108807 Prescribed Burning Effects on Jack Pine Seeds from High and Low Serotiny Regions: Microbial Interactions and Soil Properties.
Poster Number 507
Prescribed Burning Effects on Jack Pine Seeds from High and Low Serotiny Regions: Microbial Interactions and Soil Properties
Christina Kranz, Thea Whitman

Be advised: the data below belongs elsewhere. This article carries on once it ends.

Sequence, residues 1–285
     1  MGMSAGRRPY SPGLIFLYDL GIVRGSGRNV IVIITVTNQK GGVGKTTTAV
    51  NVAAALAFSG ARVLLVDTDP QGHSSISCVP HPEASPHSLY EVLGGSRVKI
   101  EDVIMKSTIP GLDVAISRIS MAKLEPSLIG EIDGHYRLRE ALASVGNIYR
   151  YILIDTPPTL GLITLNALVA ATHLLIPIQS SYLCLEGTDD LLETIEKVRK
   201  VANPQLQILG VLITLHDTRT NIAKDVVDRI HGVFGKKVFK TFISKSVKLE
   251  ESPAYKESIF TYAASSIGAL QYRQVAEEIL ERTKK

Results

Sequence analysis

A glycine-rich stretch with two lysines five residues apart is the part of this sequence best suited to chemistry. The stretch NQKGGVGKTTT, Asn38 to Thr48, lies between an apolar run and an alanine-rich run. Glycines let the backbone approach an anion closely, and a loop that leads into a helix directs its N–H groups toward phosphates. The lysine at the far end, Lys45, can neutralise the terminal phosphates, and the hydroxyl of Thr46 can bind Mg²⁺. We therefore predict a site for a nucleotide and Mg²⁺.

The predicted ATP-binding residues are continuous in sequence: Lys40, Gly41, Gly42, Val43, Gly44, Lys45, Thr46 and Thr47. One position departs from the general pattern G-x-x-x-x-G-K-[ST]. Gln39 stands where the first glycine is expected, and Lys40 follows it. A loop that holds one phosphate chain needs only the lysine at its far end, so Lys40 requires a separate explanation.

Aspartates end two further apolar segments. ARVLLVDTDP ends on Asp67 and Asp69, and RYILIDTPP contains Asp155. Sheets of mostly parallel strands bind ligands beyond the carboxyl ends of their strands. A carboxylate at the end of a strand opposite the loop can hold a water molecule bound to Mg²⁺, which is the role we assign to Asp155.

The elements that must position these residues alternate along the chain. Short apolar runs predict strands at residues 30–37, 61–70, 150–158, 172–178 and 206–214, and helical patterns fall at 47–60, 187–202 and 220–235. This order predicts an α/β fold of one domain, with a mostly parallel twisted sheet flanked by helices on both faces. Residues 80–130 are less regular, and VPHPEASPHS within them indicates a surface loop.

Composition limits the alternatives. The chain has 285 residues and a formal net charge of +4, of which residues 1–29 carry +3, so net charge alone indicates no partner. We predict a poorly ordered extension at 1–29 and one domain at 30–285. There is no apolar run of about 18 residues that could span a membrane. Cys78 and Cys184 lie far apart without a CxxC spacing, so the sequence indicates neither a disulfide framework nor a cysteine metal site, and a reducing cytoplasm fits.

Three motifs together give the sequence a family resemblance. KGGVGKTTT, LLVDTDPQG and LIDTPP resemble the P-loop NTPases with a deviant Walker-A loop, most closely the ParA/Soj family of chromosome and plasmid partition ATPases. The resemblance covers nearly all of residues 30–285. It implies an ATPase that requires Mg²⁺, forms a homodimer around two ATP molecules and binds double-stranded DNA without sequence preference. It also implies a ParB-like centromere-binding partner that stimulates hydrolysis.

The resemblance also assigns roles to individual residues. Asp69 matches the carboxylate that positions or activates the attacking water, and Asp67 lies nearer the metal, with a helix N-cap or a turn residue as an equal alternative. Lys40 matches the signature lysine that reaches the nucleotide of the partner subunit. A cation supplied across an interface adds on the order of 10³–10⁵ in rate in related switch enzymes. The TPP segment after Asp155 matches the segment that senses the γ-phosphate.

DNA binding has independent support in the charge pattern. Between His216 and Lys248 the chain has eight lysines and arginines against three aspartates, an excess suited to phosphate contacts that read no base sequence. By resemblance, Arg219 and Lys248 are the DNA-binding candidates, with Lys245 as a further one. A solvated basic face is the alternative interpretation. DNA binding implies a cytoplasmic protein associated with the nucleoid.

Wildfire has shaped Midwestern pine barren ecosystems for thousands of years. Midwestern pine barrens have undergone dramatic changes in land use and management practices, but the effects of burning on microbial populations and their interactions with the post-fire plant community are poorly understood. There is a known gradient of serotiny in Pinus banksiana Lamb. (Jack Pine) within the state of Wisconsin, where more serotinous trees are found in northern portions of the state and less serotinous trees are found in the central and southern portions of the state. This study investigated the effects of burning on P. banksiana germination, success, and associated soil microbial communities in a 6-month greenhouse trial. We asked: (1) How does burning affect P. banksiana seed germination rate and seedling success? (2) Are the soil microbial communities associated with P. banksiana different in unburned soils vs. soils subjected to a prescribed burn vs. soils burned in the lab? The O and A horizons were collected from Coon Fork Barrens, Eau Claire County, WI before and after a prescribed fire, and used to pack pots for the greenhouse trial. Seeds were obtained from the state forester from northern (higher serotiny) and central (lower serotiny) regions of Wisconsin. We predicted that seeds from serotinous cones would have a higher germination rate and greater success in burned soils while the non-serotinous cones would have no preference for burned or unburned soil. Prescribed fires are generally lower severity, even compared to naturally occurring barrens fires. Thus, we expect that there will not be a significant change in the microbial community in unburned soils vs. those subjected to a prescribed burn; therefore, any effects on seedling success will not be driven by soil microbes. Collectively, our data will indicate how the biological and chemical properties of soils change after a prescribed fire and potential effects on pine barren P. banksiana re-establishment for future land management purposes.